While many of the research results are alarming, the good news is we do have a way forward. We know that interventions can work to ensure girls stay in school and have the opportunity to decide if and when they want to have children. In order to achieve this, we must ensure that girls feel safe and valued in school, that they feel encouraged and supported by family members to stay in school and pursue their studies, and that they live in an environment where they believe they have potential to contribute to their community’s economic growth and development.
I was encouraged last month when I flew to Kampala to present these findings in front of an audience of donors, Ugandan policymakers from the West Nile sub-region and national level, and other organizations working to improve access to quality education for boys and girls alike. Officials from the West Nile sub-region appreciated the findings, and now armed with such rigorous evidence, will hopefully use it to find ways to improve outcomes for girls in their districts. National policymakers raised the issue of moving forward with a new early childhood development policy that would expand education to pre-school students and help inculcate in parents the belief that all children belong in school. In addition, policymakers and educators in attendance emphasized the importance of ensuring that both male and female teachers are trained in gender responsive teaching, ensuring that girls feel more confident and comfortable, and that boys learn how to support such efforts.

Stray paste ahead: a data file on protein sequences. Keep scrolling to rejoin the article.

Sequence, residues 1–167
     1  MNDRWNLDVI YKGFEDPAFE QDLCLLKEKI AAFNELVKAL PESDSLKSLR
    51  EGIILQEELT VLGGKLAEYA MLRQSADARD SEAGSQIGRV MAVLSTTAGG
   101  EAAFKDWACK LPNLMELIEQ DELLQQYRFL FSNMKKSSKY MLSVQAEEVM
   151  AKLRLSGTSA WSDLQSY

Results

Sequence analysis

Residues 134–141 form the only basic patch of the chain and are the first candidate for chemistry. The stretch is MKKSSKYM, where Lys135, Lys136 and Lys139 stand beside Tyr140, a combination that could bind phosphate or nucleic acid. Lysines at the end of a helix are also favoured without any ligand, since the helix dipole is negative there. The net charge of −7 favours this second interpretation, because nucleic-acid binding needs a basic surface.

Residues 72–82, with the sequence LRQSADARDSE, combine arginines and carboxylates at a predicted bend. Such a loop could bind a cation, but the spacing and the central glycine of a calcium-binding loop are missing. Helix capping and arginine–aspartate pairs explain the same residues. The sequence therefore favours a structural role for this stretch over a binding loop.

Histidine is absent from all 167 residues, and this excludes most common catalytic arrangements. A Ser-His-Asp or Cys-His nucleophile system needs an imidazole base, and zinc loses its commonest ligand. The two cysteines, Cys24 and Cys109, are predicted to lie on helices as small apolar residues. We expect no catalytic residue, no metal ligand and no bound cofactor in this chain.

The first step toward making a difference in girls’ lives is to identify and understand the challenges they face. This research helps shed light on the barriers to girls’ education in West Nile, which holds relevance throughout Uganda. As one member of the FAWEU Board of Directors suggested, the country of Uganda will be missing out if these findings are not acted upon. Ensuring both girls’ access to and retention in school impacts not just their own opportunities. It also helps secure the future of their own children, along with their communities, for years to come.